Scottish Languages Review Issue 9

Issue 9 - 01/11/2004

Every so often there is a really annoying article in the press concerning modern languages - be it the (ir)relevance of the subject, or the (in)competence of the teachers delivering it. But how often do we actually put pen to paper and write a well-considered reply? And even if we did, what are the chances that the paper would publish it? Well, the Scottish Languages Review may provide an alternative avenue for your views. Even if the writer of the offending article is unlikely to come across your response in the SLR, it will provide those of us who do believe in the importance of modern languages with added ammunition when others try to use the same arguments against us.

In this issue of SLR, Professor Anthony Lodge shows us how it can be done, by taking as his starting point an article that appeared in the 'Guardian' newspaper recently. In his response he makes some salient points about the difficulties facing language teachers in this country. Do you agree with his arguments? Do they raise other issues that should be brought to the attention of policy makers? We hope Professor Lodge's article may stimulate some debate - so why not write to us and make your views known!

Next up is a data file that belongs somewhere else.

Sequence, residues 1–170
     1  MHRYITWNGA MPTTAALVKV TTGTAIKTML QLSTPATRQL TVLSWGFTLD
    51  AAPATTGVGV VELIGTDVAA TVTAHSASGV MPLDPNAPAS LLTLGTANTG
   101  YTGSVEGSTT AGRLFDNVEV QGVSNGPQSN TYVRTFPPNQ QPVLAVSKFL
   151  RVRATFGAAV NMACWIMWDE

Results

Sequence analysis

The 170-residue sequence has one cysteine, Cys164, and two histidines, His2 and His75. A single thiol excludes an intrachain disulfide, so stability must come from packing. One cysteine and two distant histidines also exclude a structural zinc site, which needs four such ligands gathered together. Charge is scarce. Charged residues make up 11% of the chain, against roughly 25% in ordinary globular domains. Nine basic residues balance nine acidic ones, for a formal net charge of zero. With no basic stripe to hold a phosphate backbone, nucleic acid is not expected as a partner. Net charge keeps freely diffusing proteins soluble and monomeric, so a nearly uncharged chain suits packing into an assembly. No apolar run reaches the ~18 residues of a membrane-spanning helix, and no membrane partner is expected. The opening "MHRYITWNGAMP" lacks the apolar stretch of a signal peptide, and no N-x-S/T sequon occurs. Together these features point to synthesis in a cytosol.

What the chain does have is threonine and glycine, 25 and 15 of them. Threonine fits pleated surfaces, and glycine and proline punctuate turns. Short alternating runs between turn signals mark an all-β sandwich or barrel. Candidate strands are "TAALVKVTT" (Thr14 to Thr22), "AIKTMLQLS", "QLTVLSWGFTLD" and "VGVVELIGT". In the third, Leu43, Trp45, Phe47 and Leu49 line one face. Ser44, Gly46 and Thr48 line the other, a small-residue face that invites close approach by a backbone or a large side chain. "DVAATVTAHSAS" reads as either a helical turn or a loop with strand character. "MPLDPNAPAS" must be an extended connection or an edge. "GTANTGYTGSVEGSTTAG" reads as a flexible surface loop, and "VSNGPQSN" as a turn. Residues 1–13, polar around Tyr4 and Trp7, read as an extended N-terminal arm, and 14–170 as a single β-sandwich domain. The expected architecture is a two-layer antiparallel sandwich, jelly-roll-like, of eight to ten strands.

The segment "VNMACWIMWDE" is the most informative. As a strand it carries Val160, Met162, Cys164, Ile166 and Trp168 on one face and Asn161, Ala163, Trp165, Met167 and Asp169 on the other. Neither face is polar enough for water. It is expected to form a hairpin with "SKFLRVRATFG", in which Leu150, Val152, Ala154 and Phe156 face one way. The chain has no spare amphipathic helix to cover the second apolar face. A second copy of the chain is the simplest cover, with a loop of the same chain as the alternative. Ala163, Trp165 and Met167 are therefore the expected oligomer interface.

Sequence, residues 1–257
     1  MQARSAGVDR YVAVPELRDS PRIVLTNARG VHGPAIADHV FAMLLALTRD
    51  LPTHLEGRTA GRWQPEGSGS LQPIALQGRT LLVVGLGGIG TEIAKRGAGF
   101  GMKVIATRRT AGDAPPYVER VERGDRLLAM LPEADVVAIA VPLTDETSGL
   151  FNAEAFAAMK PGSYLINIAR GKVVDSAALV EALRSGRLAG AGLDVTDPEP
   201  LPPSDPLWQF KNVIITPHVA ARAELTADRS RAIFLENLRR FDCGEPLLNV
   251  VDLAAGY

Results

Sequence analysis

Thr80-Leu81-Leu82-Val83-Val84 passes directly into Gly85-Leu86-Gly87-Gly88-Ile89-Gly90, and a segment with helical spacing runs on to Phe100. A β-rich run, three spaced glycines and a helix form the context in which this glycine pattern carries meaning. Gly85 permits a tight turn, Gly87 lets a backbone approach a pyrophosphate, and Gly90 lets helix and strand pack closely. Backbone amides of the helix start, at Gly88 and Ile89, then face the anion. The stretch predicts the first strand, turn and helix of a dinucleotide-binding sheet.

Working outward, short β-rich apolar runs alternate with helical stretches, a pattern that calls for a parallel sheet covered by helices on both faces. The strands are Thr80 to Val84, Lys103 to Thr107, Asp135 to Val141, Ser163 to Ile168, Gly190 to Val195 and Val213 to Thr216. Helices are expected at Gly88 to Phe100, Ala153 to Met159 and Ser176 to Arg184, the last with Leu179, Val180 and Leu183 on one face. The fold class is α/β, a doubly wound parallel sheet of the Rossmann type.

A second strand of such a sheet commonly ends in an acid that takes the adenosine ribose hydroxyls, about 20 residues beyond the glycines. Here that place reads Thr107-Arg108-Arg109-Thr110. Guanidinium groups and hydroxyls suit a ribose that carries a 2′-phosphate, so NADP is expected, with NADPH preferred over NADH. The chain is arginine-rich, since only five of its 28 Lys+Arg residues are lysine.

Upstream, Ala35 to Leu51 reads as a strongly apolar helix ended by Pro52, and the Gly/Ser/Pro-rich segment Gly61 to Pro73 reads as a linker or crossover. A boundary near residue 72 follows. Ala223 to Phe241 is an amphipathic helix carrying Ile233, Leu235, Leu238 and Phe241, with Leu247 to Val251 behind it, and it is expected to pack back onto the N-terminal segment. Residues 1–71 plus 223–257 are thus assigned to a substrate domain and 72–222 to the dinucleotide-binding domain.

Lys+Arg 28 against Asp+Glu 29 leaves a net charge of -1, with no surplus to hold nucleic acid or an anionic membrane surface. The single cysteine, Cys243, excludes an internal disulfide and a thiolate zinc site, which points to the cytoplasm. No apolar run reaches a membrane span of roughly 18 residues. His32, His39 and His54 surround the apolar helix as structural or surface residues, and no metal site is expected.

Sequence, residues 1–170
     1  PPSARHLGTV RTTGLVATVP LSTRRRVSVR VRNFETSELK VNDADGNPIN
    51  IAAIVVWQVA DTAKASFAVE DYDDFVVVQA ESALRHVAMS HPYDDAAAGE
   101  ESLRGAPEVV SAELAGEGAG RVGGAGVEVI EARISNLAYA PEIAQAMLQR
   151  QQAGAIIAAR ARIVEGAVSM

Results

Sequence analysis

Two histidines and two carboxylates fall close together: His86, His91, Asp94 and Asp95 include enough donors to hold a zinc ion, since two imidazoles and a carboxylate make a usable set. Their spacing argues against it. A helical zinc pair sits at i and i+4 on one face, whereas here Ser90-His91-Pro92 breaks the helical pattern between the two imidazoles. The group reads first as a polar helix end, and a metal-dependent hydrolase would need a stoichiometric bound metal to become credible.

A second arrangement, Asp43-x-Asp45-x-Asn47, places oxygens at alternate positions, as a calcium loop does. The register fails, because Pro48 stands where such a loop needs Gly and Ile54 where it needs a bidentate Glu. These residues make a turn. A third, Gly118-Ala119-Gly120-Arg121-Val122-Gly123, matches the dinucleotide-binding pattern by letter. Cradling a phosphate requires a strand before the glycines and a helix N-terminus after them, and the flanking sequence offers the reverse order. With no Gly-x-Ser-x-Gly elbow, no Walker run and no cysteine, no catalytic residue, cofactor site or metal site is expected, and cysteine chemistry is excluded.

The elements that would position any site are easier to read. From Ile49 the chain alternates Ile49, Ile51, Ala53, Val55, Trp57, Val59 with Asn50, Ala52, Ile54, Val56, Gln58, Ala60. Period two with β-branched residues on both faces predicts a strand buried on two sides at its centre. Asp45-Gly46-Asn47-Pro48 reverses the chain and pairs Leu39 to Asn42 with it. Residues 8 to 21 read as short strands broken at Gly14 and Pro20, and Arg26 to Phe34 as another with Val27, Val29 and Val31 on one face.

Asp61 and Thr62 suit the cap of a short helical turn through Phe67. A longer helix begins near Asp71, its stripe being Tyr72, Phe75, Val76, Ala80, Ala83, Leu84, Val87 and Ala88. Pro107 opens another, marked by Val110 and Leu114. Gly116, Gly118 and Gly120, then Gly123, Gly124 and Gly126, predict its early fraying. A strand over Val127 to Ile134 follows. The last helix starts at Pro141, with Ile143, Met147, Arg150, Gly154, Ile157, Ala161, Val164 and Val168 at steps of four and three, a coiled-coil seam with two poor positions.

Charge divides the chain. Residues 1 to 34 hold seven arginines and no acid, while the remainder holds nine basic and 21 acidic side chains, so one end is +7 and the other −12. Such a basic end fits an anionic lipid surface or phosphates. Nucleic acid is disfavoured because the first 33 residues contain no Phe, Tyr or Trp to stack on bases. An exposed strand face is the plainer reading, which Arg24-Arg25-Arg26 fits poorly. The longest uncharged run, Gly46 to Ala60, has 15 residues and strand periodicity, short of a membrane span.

Blame the teachers

Anthony Lodge

In the crisis afflicting foreign-language teaching in the UK it now seems to be open season for scapegoats, the latest being language-teachers themselves (see for example John Bald’s article in the Education Guardian 21 Sept. 2004). Before dreaming up yet another quick fix, and before engaging in yet another bout of teacher bashing, education policy makers should stand back and view with a little detachment the situation of language teachers in the UK today, considering in particular just how adverse is the general intellectual climate in which teachers are now asked to operate. Real improvements in foreign-language teaching require not a quick fix, but some pretty radical shifts in attitude.

Download full article as PDF - Blame the teachers

University of Strathclyde Education Scotland British Council Scotland The Scottish Government
SCILT - Scotlands National centre for Languages